Barclays Pay Plans Receive Mixed City Verdict
Barclays will this week suffer a sizeable City rebellion over its decision to hike bonuses last year while simultaneously receiving overwhelming shareholder backing for its future pay plans.
Sky News has learnt that more than 90% of investors who have cast their votes in advance of this week's annual meeting are supporting the bank's plans to pay up to twice the level of employees' salaries as bonuses under new European Union rules.
The scale of investor support for that resolution is important because it will be followed by votes at the AGMs of the other major UK banks in the coming weeks.
Insiders say that a similar result is expected on a resolution setting out Barclays' future executive pay policies, in what will represent the first major test of a binding vote introduced by Vince Cable, the Business Secretary.
At Barclays, the binding vote encompasses new role-based allowances being handed to hundreds of Barclays' top managers, in effect enabling them to be paid higher bonuses.
However, insiders said that roughly one-quarter of shareholder votes cast so far had opposed last year's directors' remuneration report, the ballot for which is non-binding.
Mr Cable has written to the remuneration committee chairs of FTSE 100 companies to warn them that there are "signs that some companies continue to consider pay awards which appear excessive in light of recent performance".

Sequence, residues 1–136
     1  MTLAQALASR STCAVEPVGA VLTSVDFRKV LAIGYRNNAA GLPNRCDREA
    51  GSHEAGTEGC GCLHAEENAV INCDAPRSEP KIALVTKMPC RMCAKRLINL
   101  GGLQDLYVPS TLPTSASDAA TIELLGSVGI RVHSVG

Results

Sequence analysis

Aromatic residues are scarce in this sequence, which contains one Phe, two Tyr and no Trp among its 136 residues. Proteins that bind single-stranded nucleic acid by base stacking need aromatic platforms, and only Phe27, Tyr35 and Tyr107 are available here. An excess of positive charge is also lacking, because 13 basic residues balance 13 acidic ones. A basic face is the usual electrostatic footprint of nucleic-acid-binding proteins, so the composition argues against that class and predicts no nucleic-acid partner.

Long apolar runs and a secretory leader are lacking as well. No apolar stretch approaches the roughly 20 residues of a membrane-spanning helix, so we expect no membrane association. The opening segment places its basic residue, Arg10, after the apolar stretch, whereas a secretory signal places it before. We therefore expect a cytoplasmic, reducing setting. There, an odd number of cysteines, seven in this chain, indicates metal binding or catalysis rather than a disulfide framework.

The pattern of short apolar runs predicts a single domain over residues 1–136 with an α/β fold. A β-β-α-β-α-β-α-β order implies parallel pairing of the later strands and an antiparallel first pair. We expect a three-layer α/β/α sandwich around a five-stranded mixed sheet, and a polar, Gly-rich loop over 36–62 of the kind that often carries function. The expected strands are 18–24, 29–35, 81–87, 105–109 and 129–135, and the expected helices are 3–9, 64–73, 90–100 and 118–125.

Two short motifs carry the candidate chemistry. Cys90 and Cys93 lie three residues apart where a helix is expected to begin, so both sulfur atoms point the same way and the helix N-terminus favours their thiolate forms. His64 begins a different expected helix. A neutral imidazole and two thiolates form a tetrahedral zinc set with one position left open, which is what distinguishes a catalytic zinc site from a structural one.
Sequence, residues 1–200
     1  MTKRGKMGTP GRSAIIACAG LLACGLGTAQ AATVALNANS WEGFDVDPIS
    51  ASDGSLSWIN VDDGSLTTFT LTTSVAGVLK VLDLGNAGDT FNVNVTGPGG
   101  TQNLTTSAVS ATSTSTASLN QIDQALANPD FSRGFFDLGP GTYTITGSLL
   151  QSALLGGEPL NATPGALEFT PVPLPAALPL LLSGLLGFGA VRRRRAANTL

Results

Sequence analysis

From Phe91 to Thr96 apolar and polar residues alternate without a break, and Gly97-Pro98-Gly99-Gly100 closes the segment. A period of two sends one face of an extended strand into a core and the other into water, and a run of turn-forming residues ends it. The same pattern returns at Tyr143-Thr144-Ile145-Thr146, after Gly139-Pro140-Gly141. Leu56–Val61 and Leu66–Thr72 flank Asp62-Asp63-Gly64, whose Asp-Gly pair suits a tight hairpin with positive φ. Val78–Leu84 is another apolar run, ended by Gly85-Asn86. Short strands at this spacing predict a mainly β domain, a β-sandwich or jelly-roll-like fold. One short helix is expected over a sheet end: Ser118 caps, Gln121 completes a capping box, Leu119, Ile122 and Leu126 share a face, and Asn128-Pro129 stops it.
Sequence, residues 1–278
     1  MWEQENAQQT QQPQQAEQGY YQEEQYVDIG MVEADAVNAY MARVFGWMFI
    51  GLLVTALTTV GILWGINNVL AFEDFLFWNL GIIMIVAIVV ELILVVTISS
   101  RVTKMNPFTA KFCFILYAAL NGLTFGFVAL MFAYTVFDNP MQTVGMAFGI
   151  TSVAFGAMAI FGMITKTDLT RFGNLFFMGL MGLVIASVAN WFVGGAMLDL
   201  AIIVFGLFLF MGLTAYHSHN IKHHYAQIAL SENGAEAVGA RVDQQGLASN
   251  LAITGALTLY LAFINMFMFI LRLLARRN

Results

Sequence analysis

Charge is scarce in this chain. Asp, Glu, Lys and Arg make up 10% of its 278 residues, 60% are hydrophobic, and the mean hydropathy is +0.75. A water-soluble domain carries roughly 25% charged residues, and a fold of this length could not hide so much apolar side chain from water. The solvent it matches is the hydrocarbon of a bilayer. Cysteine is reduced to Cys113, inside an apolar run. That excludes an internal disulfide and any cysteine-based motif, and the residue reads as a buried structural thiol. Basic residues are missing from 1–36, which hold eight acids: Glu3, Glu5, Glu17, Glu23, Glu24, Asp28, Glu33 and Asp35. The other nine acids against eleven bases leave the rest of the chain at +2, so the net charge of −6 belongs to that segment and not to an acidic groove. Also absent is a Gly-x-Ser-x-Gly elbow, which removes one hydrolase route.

An aide to the Business Secretary said the timing of his letter was designed to coincide with the Barclays AGM.
Barclays has sought to appease restive investors by recruiting a new chairman for its board pay committee, replacing Sir John Sunderland.
One insider said on Tuesday that Sir John's re-election had also received comprehensive support, with Thursday's AGM expected to show that he had been backed by more than 90% of shareholders.
A number of institutional investors, including Fidelity, have criticised pay at Barclays in recent weeks after the bank increased its bonus pool by 10% to £2.4bn despite a slide in profits.
However, Richard Buxton, one of the City's top fund managers, who oversees billions of pounds at Old Mutual Global Investors and is a long-standing Barclays shareholder, told Sky News he was supportive of Antony Jenkins, the bank's chief executive.
"Our focus is on the progress being made to improve returns, notably within the investment bank," he said.
"We are confident that much more will be achieved here, which will feed through to lower costs and lower compensation over time, albeit in an uneven fashion."
He added that Barclays had made "significant progress on compensation" in 2012 but had had to "give a bit back last year" in a more competitive market.
"I'm confident that after further work on costs this year, the three-year average 2012-2014 numbers will show material moves in the right direction.
"The bank knows it has to improve the staff-to-shareholder reward ratio - but this is a multi-year journey."
Barclays, which will outline further cost-cutting plans at its investment bank on May 8, declined to comment ahead of its AGM.